Also, JavaScript is fairly basic. Nearly all apps make use of a library such as JQuery to try to make things easier to create, and remain consistent among browsers. Browser compatibility is an issue, but Dart aims to include a lot of this functionality in the language itself. It's a bit of a kludge, and more inefficient than it should be.

Q. But people will still have to develop in Dart and Java?

A. Well, not necessarily. Dart is designed to be run as a virtual machine (just like Java), so there's no reason why it can't be run on the server side too. It's also designed as a real language - it has lots of constructs and features useful for making big apps, which don't exist in the same way in JavaScript.

Q. But even so, everyone will have to learn a new language - that can't be good?

A. It isn't that bad, as it borrows a lot from the familiar. It's similar to things such as Java and C, and even JavaScript in places. It wouldn't take a competent JavaScript programmer that long to grasp the basics of Dart.

And you're forgetting that it makes a lot of tricky stuff easy, because it's designed with web apps in mind. It tackles problems such as start-up time, garbage collection and threading. It's worth learning an extra bit of syntax to cut hours off development time.


Q. This all sounds great. The developer community must be overjoyed!

A. Well, not exactly. You see, a lot of people have been using JavaScript for years and years, have built businesses around it, developed tools for it and know how it works. They see the introduction of a new tool as some sort of threat. So, a lot of developers are the opposite of overjoyed.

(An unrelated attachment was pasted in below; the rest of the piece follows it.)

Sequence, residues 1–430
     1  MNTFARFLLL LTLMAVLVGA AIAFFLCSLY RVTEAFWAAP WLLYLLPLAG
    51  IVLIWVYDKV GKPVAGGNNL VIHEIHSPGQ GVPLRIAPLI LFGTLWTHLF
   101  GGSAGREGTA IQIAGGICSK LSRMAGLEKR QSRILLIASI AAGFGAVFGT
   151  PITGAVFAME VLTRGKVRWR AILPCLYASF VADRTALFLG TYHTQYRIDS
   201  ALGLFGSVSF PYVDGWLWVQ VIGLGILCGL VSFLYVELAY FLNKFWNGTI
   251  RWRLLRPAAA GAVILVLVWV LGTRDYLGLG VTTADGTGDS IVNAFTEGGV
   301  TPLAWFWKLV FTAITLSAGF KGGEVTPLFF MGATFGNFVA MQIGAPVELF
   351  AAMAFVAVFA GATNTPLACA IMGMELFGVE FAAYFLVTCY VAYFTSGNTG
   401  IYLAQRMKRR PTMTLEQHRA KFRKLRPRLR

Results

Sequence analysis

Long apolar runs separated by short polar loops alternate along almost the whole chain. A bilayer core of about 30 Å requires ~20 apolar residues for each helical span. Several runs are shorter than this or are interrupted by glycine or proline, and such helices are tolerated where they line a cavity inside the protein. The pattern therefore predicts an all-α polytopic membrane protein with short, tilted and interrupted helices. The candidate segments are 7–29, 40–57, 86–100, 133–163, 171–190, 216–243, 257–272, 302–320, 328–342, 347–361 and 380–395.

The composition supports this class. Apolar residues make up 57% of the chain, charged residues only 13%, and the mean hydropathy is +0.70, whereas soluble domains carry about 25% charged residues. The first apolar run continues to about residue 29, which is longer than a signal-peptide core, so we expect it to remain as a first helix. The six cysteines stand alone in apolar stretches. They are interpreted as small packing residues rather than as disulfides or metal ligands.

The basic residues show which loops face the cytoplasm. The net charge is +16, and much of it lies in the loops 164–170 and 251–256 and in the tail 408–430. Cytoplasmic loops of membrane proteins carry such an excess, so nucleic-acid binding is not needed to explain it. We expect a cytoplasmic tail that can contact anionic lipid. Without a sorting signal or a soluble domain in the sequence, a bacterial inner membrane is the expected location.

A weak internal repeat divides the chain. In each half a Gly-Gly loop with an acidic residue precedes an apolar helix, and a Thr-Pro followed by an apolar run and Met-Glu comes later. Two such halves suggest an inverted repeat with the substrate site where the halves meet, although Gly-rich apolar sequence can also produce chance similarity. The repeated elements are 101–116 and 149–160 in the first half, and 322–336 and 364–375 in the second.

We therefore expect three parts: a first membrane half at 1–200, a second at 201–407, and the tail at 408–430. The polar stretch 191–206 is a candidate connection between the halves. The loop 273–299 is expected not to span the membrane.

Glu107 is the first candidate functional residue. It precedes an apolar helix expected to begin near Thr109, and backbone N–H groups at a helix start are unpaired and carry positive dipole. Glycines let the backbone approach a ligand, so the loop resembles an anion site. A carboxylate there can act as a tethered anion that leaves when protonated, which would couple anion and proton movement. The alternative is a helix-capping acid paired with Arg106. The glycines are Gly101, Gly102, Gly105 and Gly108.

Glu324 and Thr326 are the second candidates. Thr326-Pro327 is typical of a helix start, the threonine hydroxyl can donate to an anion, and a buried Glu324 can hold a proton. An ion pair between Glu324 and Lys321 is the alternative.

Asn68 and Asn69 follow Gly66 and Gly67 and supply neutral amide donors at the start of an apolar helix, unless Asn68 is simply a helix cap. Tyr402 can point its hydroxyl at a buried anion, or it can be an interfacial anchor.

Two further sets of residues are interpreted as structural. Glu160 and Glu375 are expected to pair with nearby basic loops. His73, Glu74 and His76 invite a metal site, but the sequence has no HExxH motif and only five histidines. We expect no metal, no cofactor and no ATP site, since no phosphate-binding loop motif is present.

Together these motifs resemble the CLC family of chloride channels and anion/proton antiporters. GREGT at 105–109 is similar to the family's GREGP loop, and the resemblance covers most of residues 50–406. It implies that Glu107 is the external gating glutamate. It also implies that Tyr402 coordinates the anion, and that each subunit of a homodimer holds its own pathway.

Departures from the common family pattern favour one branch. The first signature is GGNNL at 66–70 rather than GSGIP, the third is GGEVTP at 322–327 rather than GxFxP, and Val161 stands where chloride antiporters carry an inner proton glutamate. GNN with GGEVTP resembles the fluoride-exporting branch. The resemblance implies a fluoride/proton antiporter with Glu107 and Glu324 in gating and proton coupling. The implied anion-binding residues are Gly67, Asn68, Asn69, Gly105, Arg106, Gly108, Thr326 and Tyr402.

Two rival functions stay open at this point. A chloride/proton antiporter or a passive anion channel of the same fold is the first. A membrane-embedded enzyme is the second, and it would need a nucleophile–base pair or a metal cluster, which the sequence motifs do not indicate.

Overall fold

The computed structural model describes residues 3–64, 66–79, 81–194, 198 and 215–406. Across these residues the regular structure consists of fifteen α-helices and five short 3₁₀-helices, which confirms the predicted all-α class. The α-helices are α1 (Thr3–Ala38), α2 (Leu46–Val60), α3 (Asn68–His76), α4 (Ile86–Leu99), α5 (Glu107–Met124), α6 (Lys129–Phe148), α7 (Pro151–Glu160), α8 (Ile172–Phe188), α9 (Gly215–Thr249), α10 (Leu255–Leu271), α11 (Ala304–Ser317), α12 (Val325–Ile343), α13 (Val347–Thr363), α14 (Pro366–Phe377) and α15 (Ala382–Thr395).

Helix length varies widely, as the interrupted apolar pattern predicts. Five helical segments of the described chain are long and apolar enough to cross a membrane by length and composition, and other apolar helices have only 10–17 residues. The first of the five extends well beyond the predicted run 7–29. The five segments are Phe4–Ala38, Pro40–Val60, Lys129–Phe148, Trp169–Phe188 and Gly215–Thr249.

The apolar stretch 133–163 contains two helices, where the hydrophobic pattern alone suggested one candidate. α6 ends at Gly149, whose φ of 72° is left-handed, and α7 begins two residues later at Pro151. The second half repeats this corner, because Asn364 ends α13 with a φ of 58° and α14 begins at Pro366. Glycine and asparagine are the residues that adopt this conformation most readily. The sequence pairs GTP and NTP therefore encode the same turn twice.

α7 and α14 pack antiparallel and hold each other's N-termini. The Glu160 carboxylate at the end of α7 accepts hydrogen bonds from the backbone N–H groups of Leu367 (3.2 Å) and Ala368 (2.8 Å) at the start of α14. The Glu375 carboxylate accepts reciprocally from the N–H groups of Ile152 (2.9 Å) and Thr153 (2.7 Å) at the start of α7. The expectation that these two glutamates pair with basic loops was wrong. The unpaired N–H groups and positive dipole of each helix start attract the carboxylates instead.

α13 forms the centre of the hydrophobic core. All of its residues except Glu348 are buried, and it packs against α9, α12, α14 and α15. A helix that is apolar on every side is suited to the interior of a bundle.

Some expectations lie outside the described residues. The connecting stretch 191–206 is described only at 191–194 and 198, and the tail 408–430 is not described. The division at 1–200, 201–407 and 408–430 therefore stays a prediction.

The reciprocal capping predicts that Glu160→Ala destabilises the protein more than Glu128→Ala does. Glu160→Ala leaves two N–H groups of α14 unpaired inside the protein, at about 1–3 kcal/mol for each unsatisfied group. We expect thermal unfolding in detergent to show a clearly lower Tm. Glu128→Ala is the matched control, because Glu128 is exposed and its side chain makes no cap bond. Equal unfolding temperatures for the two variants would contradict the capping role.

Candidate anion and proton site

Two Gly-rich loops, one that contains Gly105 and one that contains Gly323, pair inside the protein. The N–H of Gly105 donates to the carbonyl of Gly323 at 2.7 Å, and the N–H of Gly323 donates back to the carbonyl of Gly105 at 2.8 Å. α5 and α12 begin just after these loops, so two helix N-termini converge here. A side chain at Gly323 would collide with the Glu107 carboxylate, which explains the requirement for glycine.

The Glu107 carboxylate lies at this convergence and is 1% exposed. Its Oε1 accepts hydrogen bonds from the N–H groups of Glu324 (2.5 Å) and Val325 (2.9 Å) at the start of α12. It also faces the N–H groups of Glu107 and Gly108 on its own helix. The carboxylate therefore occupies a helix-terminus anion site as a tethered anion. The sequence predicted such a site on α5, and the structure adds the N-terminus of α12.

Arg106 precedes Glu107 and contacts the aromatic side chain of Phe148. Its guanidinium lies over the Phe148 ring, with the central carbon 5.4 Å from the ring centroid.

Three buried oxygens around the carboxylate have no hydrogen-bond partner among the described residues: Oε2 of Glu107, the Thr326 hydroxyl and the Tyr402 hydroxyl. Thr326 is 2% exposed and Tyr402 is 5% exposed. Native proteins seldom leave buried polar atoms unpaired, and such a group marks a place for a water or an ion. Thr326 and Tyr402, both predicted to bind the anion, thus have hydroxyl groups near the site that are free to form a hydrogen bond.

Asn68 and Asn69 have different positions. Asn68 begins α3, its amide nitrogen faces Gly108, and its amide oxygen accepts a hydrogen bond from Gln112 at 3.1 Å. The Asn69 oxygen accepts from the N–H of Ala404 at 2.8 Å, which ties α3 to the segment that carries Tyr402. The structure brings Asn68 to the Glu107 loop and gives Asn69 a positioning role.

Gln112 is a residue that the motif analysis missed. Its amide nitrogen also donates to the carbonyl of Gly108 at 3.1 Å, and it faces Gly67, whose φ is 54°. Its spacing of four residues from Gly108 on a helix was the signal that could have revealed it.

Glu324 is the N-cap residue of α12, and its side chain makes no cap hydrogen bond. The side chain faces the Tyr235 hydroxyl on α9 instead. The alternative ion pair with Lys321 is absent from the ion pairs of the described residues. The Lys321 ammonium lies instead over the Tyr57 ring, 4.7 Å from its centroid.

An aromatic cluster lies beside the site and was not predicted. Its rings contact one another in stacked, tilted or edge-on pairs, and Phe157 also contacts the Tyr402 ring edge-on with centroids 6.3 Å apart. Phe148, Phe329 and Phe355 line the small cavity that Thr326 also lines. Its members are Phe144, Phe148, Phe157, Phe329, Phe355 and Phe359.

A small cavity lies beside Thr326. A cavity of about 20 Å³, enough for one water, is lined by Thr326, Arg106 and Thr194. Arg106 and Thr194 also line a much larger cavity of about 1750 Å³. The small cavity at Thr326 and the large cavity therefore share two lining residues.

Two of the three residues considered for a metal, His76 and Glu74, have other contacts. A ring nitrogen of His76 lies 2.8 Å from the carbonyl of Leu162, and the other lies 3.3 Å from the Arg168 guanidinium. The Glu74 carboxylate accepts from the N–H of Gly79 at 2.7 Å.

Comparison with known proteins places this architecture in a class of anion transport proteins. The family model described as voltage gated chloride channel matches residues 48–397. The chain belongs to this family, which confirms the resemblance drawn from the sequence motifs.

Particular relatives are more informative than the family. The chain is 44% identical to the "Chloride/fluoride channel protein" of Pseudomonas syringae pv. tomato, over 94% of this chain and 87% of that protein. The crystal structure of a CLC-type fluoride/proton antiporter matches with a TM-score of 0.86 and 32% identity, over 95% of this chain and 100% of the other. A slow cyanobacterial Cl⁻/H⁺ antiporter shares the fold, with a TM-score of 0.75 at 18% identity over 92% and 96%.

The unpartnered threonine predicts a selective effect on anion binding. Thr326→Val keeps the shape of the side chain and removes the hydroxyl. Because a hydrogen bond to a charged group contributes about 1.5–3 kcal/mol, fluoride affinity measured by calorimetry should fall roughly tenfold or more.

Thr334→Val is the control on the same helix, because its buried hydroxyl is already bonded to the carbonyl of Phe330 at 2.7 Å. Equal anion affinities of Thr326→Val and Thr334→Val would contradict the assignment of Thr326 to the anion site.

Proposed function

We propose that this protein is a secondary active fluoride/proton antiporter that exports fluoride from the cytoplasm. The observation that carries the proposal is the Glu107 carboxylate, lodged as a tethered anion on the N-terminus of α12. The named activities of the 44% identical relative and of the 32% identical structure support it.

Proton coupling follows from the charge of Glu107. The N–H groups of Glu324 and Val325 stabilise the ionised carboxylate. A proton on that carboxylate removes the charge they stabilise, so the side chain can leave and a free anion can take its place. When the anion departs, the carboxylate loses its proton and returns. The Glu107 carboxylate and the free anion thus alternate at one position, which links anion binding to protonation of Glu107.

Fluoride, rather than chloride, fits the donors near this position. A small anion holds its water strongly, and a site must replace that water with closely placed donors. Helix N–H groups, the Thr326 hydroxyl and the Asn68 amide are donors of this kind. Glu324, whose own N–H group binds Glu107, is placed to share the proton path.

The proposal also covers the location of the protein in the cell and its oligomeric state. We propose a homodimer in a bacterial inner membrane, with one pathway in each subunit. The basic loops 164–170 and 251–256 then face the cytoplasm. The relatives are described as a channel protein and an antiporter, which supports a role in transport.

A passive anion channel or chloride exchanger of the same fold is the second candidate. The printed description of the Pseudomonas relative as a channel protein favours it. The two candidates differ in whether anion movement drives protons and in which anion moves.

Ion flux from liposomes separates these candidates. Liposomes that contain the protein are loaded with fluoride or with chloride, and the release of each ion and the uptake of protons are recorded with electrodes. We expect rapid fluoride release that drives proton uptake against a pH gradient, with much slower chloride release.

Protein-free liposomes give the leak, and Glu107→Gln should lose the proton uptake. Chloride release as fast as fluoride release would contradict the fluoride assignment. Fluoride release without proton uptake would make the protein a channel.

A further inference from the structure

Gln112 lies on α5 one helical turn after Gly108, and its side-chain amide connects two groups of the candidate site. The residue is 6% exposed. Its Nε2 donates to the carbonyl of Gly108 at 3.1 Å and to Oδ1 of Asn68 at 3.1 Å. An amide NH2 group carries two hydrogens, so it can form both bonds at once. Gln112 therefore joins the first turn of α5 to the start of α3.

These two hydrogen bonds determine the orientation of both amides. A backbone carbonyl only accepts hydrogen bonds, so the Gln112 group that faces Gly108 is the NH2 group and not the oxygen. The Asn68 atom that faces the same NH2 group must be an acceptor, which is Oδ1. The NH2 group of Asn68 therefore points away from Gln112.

Q. Well, that's understandable. But the developers of web browsers must at least be pleased.

A. Well, no. Again, many of them see it as a threat. Remember that Google has taken a large share of the browser market already with Chrome.

If it was also to control the development of the language that everybody uses to write web apps, you can see how people might begin to think the whole thing was a bit of a stitch-up.

Mozilla has already suggested it will not be considering embedding Dart support into future versions of Firefox. Then again, Brendan Eich does work for Mozilla (and he invented JavaScript).

Q. So, it seems as if Dart will likely only ever be available in Chrome.

A. Well, I guess you have a better crystal ball than we do...

Q. Well, if the majority of developers don't want it, and the majority of browsers don't want to support it, it looks like a non-starter...

A. We respectfully submit that when it comes to web technologies, developers are not the most important people - users are. Consider a world in which you can run your applications as usual, really fast, or with extra features. Which option are you going to choose?